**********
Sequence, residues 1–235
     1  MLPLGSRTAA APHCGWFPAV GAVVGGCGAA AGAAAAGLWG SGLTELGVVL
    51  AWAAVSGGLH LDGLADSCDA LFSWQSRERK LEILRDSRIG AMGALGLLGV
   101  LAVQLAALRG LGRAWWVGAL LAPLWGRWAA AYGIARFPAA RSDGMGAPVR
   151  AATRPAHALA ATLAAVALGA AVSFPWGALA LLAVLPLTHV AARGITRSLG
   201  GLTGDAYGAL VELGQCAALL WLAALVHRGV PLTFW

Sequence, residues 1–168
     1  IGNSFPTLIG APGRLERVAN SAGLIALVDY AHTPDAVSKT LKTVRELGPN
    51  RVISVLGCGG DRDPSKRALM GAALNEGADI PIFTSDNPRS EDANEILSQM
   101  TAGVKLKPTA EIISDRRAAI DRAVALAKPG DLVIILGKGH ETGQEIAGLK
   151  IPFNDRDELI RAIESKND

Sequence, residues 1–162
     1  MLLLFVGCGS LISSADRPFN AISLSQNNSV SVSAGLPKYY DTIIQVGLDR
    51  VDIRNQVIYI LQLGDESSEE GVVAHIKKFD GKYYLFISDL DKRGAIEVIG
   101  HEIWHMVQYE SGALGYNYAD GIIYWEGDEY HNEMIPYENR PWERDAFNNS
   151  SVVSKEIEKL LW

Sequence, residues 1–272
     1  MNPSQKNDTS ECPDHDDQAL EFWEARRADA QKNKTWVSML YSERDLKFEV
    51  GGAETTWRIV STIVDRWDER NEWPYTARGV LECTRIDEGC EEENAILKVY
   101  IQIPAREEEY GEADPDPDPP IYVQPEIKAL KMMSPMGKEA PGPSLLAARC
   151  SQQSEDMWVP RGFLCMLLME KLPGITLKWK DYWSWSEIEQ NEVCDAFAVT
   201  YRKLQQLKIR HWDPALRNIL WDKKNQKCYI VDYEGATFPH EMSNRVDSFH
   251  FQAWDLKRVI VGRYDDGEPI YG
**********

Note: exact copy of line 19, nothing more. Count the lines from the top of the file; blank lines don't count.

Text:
    51  GGAETTWRIV STIVDRWDER NEWPYTARGV LECTRIDEGC EEENAILKVY